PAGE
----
less than 1 minute read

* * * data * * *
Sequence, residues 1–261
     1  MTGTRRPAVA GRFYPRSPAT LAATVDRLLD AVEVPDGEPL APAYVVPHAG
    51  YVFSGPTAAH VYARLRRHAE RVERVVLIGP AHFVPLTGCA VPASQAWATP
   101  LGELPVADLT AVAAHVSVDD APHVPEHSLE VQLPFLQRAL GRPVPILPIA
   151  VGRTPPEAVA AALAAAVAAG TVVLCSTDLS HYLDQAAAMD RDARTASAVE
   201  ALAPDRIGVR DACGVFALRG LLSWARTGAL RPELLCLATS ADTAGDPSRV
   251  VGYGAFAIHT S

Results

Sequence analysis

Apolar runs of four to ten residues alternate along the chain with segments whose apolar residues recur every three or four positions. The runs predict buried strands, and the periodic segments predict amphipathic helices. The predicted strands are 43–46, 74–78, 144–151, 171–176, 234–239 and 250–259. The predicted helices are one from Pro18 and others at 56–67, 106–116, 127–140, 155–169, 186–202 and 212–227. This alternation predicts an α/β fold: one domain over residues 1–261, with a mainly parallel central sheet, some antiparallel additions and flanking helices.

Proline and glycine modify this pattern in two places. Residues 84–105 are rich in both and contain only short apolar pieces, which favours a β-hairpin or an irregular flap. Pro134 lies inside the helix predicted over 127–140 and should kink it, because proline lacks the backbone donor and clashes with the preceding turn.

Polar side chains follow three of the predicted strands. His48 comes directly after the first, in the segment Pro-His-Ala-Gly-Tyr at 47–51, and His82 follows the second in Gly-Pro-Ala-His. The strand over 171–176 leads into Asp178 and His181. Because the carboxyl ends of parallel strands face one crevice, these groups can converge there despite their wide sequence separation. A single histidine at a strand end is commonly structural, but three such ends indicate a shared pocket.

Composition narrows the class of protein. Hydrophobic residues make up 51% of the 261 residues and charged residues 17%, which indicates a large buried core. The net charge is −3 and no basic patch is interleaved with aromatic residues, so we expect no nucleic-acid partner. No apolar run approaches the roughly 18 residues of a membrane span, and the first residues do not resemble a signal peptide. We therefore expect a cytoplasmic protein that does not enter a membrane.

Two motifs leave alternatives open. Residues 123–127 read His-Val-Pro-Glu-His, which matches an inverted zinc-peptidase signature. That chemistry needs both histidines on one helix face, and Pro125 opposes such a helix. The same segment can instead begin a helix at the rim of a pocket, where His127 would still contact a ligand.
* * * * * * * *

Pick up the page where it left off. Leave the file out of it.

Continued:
Authorization and financing were from the Continental Congress of the thirteen rebel colonies. NYS congressmen were especially keen on securing New York’s settlers and granaries. The context is complex, involving: first the political division of the formally neutral Iroquois Confederacy into pro-English (Seneca, Oneida and Tuscarora) and pro-Yankee nations (Oneida, Tuscarora); second, a sequence of reciprocal raids against Yankee settlements and Indian settlements in NY and Pennsylvania, and third, the financing (1778); third, authorizaton (1778, 1779) by Congress of a grand anti-Indian expedition of which the Sullivan-Clinton Campaign was the result; fourth, Washington’s abandoning, for the moment, of a second grand invasion of British Canada and settling for “Plan B,” the anti-Indian campaign (1779) against the Senecas, Cayugas, Onondagas and their Mingo and Delaware allies.